|Tuesday, 13 April 2004|
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Getting perspectives right
Through a happy coincidence we Sri Lankans herald a New Year, only a few days after we heralded a new Government. A good omen.
The Sinhala and Tamil New Year is a day of peace and happiness, of religious worship, of paying obeisance to our elders. A day of giving and receiving, a day of love and laughter, fun and games. Altogether, a day of great joy.
It is opportune that at the beginning of a New Year we reflect on the one gone by, take stock of ourselves, see where we were right and where we went wrong.
We Lankans have a habit of running away from the truth, especially when the truth hurts or is not to our liking. We avoid facing up to the truth, preferring self deception, a very fragile and contemptuous alternative.
To face up to the truth and admit our faults, at least to ourselves shows character. It is only then that we can progress, move forward.
As a nation and as a people our refusal or reluctance to be self-critical has cost the country dearly.
Each of us tries to shift the blame to others, when really we are at fault, not having sufficient strength to say "I am wrong, I will correct myself."
We have been living in a fool's paradise, while other countries such as India and Singapore, to name but two have forged ahead. Sri Lanka has paid dearly for this. For example, the value of the Sri Lankan rupee in 1968, was one hundred per cent more than the Indian rupee.
A hundred Sri Lankan rupees fetched two hundred Indian rupees in legal Indian tender. Today, it is the other way round, two hundred Sri Lankan rupees is equivalent to one hundred Indian rupees. In fact, our economy was in a very healthy state at Independence. We even loaned the British Government 30 million Pounds Sterling.
Singapore was a backwoods country at the time. But, while others in the region forged forward determinedly, we in Sri Lanka rested on our laurels, squandered our foreign exchange reserves and finally have had to borrow money at enormous interest to buy our daily needs.
It is appropriate that with the dawn of a New Year and a new Government, we get our perspectives right and join hands with the President and her Government to get us out of the mess we are in and march forward to a permanent peace and contentment.
Decisive poll in South Korea
South Koreans will go to the polls on Thursday. More than 35 million voters will elect 299 representatives to parliament, which will have a crucial role to play in the coming years, as South Korea tackles a host of contentious issues.
One of the main issues on which the electoral pendulum is likely to swing is the impeachment of President Roh Moo-Hyun mainly on charges of violating electoral neutrality.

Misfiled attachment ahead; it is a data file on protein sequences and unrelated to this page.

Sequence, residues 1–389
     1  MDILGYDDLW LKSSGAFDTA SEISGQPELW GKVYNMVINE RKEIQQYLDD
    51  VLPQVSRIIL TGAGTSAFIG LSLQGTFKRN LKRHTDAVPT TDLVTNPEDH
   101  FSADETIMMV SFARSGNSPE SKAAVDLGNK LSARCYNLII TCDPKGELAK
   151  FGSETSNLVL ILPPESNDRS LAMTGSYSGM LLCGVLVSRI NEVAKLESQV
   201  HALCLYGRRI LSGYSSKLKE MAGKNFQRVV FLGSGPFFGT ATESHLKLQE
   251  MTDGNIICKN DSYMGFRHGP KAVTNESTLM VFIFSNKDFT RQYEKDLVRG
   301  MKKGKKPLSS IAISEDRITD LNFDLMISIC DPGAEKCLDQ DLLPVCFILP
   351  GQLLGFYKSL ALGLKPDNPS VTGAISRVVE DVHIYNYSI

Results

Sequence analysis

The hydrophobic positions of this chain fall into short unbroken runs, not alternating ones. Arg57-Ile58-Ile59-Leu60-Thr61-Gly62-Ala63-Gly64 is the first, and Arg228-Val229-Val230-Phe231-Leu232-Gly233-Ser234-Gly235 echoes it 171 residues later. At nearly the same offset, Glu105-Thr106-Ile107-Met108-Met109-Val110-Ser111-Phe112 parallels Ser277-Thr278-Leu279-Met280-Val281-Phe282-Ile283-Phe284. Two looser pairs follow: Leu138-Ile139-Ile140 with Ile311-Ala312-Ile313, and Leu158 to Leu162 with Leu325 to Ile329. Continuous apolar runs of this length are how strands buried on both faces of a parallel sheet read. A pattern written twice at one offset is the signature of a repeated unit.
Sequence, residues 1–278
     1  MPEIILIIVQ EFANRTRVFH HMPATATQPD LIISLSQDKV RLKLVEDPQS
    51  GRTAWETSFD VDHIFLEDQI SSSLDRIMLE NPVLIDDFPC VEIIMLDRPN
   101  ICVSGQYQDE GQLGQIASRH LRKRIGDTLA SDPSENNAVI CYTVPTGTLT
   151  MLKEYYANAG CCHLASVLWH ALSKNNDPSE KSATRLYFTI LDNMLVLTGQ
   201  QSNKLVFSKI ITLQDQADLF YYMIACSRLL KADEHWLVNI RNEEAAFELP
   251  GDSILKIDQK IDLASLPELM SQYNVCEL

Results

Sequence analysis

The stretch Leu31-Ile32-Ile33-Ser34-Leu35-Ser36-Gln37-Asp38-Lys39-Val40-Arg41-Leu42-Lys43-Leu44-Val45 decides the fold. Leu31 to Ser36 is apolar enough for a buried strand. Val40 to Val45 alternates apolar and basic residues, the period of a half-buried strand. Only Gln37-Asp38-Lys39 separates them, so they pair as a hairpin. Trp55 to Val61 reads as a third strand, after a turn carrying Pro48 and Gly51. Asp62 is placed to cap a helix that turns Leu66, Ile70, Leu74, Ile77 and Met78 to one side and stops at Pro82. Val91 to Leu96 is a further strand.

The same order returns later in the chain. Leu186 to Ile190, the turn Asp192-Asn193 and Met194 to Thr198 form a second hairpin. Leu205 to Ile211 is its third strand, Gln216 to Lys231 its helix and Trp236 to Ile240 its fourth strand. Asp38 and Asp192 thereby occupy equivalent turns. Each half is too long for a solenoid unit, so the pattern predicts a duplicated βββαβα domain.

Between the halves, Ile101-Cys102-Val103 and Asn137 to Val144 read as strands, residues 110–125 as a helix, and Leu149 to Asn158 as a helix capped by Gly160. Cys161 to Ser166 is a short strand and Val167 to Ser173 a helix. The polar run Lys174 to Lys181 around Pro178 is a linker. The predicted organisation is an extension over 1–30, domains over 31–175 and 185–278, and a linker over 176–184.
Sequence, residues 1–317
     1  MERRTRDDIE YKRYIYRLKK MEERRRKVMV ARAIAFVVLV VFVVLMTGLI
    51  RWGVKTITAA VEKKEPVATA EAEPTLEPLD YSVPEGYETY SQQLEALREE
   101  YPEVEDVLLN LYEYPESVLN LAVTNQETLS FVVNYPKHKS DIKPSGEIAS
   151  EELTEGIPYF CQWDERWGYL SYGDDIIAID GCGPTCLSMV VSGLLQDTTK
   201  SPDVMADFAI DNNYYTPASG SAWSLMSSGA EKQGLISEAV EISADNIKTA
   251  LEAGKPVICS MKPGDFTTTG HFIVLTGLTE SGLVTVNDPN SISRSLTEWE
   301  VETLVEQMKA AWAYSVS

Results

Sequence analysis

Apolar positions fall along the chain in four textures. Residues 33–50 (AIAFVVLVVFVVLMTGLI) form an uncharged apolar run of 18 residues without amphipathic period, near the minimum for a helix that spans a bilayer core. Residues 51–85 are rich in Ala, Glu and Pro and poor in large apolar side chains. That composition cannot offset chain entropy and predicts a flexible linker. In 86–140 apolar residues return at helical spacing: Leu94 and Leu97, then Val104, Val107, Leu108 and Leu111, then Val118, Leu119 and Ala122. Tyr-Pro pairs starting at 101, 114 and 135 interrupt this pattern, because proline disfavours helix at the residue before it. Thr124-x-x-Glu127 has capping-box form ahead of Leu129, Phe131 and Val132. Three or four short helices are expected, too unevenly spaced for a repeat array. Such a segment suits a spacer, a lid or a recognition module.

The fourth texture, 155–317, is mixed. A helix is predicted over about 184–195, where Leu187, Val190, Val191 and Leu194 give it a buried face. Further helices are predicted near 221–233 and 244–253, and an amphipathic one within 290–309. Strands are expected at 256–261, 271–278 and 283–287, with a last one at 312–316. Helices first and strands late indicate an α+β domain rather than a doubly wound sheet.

The move has apparently triggered a public backlash against the Grand National Party (GNP) and the Millennium Democratic Party (which teamed up to suspend Roh) and gained sympathy for the Uri Party led by Roh's reformist loyalists. The Constitutional Court has 180 days to give its verdict, but the MDP has already apologised for trying to dislodge Roh.
The dispatch of troops to Iraq has been passionately defended by the main opposition GNP as well as the Uri Party, but the latest wave of deadly bomb attacks and kidnappings have caught the attention of voters. South Korea has plans to send up to 3,000 troops, mostly for non-combat work, to the war-torn country. The MDP seeks a revision of the deployment plan, while the Korea Democratic Labour Party wants it scrapped.
North Korea is never far from the politicians' and voters' thoughts in South Korea. The unification of the two Koreas is the ultimate goal, but the nuclear stand-off has cast a shadow over such optimistic ambitions.
The Uri Party and the MDP favour a flexible engagement policy which may appeal to voters desiring peace in the peninsula.
The voters will also consider such factors as the economy when they elect a new legislature. A sluggish economy will not help South Korea's forward march. Increasing the rate of economic growth, just 3.1 per cent in 2003, will be a major challenge.
A major feature of the South Korean election is the entry of a large number of women to the male-dominated politicl arena.
Two of the major parties are led by women - the GNP by Park Geun-Hye, daughter of the late President Park Chung-Hee and the MDP by Choo Mi-Ae. Most women candidates have not been tainted with charges of corruption and a record number of them are expected to be elected.
It is worth noting that women outnumber men among eligible voters. The possible election of a large number of women will certainly mark a new chapter in the South Korean political scene.South Korean voters will not expect the new government to turn back the clock. Instead, they will seek political stability, economic growth and an end to corrupt practices that have marred local politics.
The election will further strengthen democracy in South Korea and give its people an opportunity to voice their concerns freely.
Produced by Lake House